4. Fiction: Cyber charter schools provide equity in education because the education funding follows the child.
Fact: The state share of funding total educational expenses has fallen to a statewide average of 35%. Consequently, much of the funding that “follows” a cyber school student is local taxpayers’ money. The claim that funding follows the child also blatantly disregards the notion that many cyber charter students were formerly home-schooled and not previously covered by public dollars, consequently representing a new expense for school districts and taxpayers.
Fiction: House Bill 940 eliminates the ability of parents to choose the school that best meets the needs of their child.
Fact: House Bill 940 does nothing to limit or eliminate the ability of parents to choose the best delivery system for their child’s education. The legislation merely seeks to amend the cyber charter school law to provide fair and equitable statewide funding for non-special education and special education students, improve academic and fiscal accountability and ensure ethical practices for cyber charter school administrators. Every Pennsylvania student will still have the right to receive an education through: 1) their resident school district; 2) a brick-and-mortar charter school; 3) one of the eleven cyber charter schools; or 4) through a non-public school at a cost assumed by a student’s parent(s).
Fiction: House Bill 940 will reduce the status of Pennsylvania as a leader for virtual education services and cyber charter schools.
Fact: This statement has no basis in fact. In fact, the opposite is true. More school districts are establishing their own virtual education programs or partnering with other districts in their regions to do the same. A standard statewide tuition rate does not mark the end of cyber schooling, but rather the end of artificially high payment levels for cyber schools at the expense of local taxpayers.
Fiction: Inflated cyber charter school fund balances exist, because nearly half of the school districts fail to follow the law and transfer funds for their resident students in a timely manner, if at all.
Fact: If a school district fails to make a payment to a cyber charter school in the manner prescribed by law, Section 1725-A(a)(5) of the Public School Code grants PDE the authority to deduct the estimated amount for a resident student, as documented by the cyber charter school, from a district’s state funding. House Bill 940 does not change this, and in fact, adds a three percent penalty to be assessed on the school district for forwarding to the cyber charter school.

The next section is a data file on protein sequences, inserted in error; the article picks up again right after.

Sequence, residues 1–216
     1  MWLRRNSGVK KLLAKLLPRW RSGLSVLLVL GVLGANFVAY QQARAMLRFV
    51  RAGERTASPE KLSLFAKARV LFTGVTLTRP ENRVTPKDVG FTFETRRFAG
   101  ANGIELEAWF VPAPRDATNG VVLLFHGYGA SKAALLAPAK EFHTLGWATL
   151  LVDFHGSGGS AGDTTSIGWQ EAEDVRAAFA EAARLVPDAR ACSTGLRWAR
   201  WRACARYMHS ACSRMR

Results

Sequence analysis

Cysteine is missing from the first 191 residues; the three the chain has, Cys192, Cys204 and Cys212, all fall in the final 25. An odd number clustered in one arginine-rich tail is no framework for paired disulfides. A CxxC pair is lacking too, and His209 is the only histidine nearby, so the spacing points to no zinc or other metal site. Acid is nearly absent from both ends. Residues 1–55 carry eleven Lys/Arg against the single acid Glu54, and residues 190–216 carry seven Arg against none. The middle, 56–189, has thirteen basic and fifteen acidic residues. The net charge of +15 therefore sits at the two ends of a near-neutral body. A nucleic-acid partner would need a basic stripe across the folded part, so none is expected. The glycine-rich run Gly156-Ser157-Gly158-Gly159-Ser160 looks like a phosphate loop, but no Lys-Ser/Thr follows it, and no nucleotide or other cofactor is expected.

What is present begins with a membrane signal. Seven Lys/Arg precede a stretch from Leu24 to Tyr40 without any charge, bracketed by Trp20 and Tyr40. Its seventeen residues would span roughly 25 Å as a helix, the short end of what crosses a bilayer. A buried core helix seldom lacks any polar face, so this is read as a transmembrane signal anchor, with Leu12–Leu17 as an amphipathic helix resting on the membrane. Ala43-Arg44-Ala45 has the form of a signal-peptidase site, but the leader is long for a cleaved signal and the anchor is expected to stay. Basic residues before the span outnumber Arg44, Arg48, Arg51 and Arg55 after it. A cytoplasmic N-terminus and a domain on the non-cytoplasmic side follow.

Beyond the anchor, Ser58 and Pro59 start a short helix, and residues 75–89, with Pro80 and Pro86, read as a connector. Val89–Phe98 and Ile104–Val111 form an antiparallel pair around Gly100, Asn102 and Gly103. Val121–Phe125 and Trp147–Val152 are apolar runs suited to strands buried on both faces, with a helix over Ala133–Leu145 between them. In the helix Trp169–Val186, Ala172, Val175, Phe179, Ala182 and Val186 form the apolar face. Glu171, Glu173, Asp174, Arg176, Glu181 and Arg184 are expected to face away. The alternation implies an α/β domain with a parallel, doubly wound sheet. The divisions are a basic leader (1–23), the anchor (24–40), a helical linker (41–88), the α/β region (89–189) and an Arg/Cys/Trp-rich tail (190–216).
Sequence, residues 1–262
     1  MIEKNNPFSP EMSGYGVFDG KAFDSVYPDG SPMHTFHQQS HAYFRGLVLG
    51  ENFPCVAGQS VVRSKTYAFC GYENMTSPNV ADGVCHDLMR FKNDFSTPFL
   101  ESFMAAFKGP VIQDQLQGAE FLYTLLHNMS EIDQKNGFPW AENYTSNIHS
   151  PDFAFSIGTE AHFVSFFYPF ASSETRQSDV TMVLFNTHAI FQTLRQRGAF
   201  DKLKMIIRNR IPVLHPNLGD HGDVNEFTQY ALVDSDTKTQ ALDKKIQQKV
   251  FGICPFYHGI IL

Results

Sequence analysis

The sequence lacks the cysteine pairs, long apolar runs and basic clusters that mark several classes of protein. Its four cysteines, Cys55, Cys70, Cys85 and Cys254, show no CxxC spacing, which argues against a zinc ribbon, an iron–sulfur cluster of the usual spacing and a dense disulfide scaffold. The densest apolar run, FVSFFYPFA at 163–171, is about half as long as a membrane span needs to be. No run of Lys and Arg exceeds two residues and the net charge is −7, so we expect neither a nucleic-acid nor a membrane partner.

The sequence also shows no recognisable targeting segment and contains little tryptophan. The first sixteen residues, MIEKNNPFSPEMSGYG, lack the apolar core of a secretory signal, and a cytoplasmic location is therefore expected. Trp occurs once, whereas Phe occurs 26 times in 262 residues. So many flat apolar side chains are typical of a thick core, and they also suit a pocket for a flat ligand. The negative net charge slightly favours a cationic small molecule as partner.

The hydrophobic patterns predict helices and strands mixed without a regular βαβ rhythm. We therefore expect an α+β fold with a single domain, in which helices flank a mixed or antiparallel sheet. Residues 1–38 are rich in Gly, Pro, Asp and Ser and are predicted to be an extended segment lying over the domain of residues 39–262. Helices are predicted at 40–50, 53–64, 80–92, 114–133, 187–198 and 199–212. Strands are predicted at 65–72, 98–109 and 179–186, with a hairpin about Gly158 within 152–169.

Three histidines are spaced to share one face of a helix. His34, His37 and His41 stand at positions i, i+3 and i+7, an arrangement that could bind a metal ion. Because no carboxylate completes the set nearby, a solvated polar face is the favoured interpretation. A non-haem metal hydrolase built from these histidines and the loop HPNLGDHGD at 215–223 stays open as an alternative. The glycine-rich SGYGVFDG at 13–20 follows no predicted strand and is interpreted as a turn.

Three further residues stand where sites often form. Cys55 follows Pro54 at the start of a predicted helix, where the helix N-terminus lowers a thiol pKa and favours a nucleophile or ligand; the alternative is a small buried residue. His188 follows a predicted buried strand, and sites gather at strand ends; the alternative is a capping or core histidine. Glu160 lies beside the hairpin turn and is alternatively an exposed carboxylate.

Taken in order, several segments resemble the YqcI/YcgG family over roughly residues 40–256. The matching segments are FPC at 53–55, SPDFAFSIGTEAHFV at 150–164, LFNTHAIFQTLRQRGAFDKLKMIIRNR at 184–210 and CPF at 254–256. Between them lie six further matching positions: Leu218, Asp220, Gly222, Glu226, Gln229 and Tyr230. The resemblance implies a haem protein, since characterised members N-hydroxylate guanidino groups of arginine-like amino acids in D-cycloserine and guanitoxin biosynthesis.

Fiction: The financial impact on school districts is overstated because cyber school costs comprise only a small part of a school district’s budget and because school districts get reimbursed for almost 30% of their charter school costs by the state.
Fact: While cyber school costs are a smaller part of most school district budgets than personnel expenses (including salaries, benefits and pensions), the percentage of dollars allocated to cyber charter schools in comparison to total expenditures is growing. School districts spend millions of dollars in cyber charter school payments each year with no end in sight. Even with up to 30 percent of those costs reimbursed by the Commonwealth, school district costs, as noted above, do not decrease when a student enrolls in cyber school. Therefore, school districts must still recoup the remaining 70 percent or so from local taxpayers. When you consider that cyber charter schools lack the same accountability of school districts, can enroll students that are not eligible for enrollment at their resident school districts and are essentially a form of subsidized home schooling, the financial impact argument takes on much more importance.